Morphosis Diamond in the Rough
by Alice Y. Kimm, AIA
If buildings really do reflect society's values, we can applaud the new Diamond Ranch High School in Diamond Bar, California. Here is a place where social conscience coexists comfortably with creativity and imagination. These qualities are all permanently inscribed in the landscape of the campus and its form.
Morphosis principal Thom Mayne, project architect John Enright, and executive architect Thomas Blurock Architects, have given us a rare example of architecture that not only inspires but educates. As it reflects both the client's and architects' belief in our children's futures, the project differs radically from other public schools' use of shoddy trailers masquerading as classrooms.
Overlooking a typical Southern California tableau of freeways and sprawl, the 72-acre hillside campus is laid out in cascading terraces. The hillside had been believed impractical, if not impossible, to build on. Two years of grading preceded building construction. At the top of the hill are football fields; at the bottom, soccer fields and tennis courts. Sandwiched in between are two lines of buildings with a pedestrian street running down the middle.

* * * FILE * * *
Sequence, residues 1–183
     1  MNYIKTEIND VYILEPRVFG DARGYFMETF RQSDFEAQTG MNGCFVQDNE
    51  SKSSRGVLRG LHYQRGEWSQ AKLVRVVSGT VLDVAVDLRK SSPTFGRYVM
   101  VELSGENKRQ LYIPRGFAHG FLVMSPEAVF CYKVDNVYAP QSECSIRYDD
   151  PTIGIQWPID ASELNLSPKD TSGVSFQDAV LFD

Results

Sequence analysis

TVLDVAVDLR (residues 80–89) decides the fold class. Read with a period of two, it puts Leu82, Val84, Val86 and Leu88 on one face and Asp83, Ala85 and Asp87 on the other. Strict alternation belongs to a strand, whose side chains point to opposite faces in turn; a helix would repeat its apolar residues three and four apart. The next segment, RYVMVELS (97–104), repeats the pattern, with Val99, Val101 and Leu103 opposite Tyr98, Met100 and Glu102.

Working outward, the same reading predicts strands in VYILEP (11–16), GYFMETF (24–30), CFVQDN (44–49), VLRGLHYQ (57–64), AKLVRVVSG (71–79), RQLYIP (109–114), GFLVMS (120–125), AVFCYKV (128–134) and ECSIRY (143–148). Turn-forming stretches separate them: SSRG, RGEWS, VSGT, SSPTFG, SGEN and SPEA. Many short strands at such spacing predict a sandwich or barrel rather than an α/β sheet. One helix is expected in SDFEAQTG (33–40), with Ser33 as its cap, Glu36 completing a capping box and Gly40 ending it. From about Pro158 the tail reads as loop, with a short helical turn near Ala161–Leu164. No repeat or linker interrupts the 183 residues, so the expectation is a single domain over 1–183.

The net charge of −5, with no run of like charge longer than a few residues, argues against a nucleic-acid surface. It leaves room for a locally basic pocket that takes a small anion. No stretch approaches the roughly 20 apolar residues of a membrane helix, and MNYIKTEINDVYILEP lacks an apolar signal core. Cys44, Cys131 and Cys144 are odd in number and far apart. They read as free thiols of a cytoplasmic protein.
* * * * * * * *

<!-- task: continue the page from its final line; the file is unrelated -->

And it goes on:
The simplicity of this parti is deceptive when examining the manner in which the two rows of buildings interact across the dividing street. The rows are divided into clusters, each of which has its own set of classrooms separated according to discipline, as well as its own courtyard.
Students, faculty, and administration can move freely between clusters. The crisscrossing has the effect of splitting the building lines into smaller fragments, perhaps more reminiscent of Morphosis' early project organizations. The breaking up of the linear mass into functional units also has the effect of creating various types and sizes of communal spaces.
The detailing at the schools is simple and functional.
Photo: John Enright
At the Diamond Ranch High School, clusters of roof forms seem to lean across the pedestrian spine towards each other.
Photo: Brandon Welling